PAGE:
Abdul Ghani Baradar: Taliban poised to become president of Afghanistan after ouster of US-backed Ashraf regime

Abdul Ghani Baradar: Taliban poised to become president of Afghanistan after ouster of US-backed Ashraf regime


With Taliban seizing control of Kabul and all top provincial capitals of Afghanistan, its top leader Mullah Abdul Ghani Baradar is most likely to become the next president of the war-ravaged nation.

On Sunday, speculation was rife that Abdul Ghani Baradar would transform into the brand-new president of Afghanistan by the Taliban regime after the Afghanistan government surrendered to the Islamic warlords.

President Ashraf Ghani had been expected to relinquish power after talks with the Taliban in a largely peaceful switch of leadership. It is predicted that US-based Ali Ahmad Jalali will head an interim authority in the intervening period before Taliban forms a full-fledged government headed by Ghani Baradar

It may be noted that Afghanistan President Ashraf Ghani and other top diplomats have left the country after the Taliban sealed a nationwide military victory, Mullah Abdul Ghani Baradar has emerged as the undisputed leader of the insurgent group.

Born in Uruzgan province in 1968, Baradar is also the co-founder of the insurgent group. He is the second senior-most leader in Taliban hierarchy after Haibatullah Akhundzada. He was freed from a Pakistani jail at the request of the US less than three years ago. Baradar is also the political chief and Taliban’s most notable public face today.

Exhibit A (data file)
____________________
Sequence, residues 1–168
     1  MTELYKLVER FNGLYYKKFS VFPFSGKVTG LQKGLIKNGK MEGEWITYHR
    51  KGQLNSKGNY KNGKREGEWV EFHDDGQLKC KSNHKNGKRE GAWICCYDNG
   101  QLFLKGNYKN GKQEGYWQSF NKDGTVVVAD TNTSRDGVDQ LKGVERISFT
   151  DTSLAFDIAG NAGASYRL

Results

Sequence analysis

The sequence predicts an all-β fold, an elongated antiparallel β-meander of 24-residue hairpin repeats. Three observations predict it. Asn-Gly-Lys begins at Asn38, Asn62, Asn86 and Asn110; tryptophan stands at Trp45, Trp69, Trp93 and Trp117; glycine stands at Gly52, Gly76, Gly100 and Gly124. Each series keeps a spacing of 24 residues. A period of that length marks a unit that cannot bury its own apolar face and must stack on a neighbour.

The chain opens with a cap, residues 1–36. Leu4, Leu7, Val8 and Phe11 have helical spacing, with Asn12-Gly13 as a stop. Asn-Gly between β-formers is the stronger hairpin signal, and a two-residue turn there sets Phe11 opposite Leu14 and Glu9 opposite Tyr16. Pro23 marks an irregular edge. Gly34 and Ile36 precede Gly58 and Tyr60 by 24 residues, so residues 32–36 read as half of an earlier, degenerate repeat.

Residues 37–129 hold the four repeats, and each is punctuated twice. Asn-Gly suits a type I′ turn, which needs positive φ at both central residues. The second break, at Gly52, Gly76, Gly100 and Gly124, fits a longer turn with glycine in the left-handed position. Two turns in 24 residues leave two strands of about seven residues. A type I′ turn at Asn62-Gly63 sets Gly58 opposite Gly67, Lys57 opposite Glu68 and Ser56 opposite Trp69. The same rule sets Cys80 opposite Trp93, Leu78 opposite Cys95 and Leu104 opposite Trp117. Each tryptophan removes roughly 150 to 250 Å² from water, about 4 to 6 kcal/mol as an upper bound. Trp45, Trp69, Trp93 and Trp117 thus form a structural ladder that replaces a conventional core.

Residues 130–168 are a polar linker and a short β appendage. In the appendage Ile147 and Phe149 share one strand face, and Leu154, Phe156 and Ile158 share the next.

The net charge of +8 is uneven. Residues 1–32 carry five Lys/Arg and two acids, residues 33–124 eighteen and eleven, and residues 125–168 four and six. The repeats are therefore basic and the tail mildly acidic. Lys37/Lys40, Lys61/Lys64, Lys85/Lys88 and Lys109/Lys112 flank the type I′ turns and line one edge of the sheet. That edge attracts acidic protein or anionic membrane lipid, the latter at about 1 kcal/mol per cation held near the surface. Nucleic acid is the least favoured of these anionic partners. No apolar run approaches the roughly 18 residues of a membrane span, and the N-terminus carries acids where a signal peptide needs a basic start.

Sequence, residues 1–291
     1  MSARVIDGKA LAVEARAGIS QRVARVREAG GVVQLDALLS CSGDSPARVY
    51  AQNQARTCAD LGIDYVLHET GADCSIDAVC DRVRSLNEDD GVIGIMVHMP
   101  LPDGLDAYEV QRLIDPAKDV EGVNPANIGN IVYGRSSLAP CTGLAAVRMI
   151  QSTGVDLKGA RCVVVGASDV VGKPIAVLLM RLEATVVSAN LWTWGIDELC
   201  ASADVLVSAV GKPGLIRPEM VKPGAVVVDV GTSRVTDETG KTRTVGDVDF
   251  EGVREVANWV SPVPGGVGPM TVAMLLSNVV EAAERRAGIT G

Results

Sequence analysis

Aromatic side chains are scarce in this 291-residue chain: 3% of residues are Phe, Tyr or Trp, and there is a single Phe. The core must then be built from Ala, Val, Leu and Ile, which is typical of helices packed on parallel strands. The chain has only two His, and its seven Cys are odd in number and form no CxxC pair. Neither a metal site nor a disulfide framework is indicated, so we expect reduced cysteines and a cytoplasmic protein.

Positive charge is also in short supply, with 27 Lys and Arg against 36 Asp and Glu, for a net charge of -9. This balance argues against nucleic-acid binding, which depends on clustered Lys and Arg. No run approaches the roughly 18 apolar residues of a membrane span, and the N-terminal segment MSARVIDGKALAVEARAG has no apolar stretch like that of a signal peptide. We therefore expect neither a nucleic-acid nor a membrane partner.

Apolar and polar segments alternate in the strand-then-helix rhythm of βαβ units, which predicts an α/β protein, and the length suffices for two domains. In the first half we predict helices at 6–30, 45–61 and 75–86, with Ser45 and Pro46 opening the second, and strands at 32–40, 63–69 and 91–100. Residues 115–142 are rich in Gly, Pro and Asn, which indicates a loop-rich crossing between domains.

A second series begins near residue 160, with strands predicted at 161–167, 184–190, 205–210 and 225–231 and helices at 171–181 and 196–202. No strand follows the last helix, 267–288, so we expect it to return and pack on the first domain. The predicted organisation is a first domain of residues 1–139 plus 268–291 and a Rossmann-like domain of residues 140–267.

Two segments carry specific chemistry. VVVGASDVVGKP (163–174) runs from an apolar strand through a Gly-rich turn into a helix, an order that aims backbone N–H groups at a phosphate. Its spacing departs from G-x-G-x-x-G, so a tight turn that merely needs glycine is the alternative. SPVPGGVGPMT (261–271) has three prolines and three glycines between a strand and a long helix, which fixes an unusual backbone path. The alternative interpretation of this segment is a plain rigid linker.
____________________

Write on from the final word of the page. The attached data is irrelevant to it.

He is believed to have reached Kabul from Doha on Sunday evening. In a televised statement on the fall of Kabul, he said the Taliban’s real test was only just beginning and that they had to serve the nation.

Baradar had fought in the Afghan Mujahideen against the Soviet Army in the 1980s. After the exit of Russians in 1992, a civil war erupted between rival warlords.

During that time, Baradar set up a madrassa in Kandahar with his former commander and reputed brother-in-law, Mohammad Omar.  Together, the two mullahs founded the Taliban, a movement spearheaded by young Islamic scholars dedicated to the religious purification of the country and the creation of an emirate.

Due to growing hatred among the Afghans towards the warlords and tactical back support from Pakistan’s Inter-Services Intelligence (ISI) agency, the Taliban swept to power in 1996 after a series of stunning conquests of provincial capitals.

Baradar who was next only to Mullah Omar was credited for his effective strategy, was widely hailed as a key architect of those Taliban victories.

Baradar played a succession of military and administrative roles in the five-year Taliban regime in Afghanistan as deputy minister of defence when the militia was overthrown by the US and its Afghan allies back then.

Afghanistan’s government had collapsed on Sunday after Ghani left the country and the Taliban entered the country, taking control of the Afghan capital of Kabul and the presidential palace.

“The Taliban have won with the judgement of their swords and guns, and are now responsible for the honour, property and self-preservation of their countrymen,” Ghani said in a statement on Facebook, his first since fleeing. Baradar on Sunday said that the terror group’s victory that saw all cities of the country fall to them in just 10 days was unexpectedly swift and had no match in the world.

In a video message, he said the real test would begin now with meeting the expectations of the people and serving them by resolving their problems, Al Jazeera reported.

  • An Agencies report
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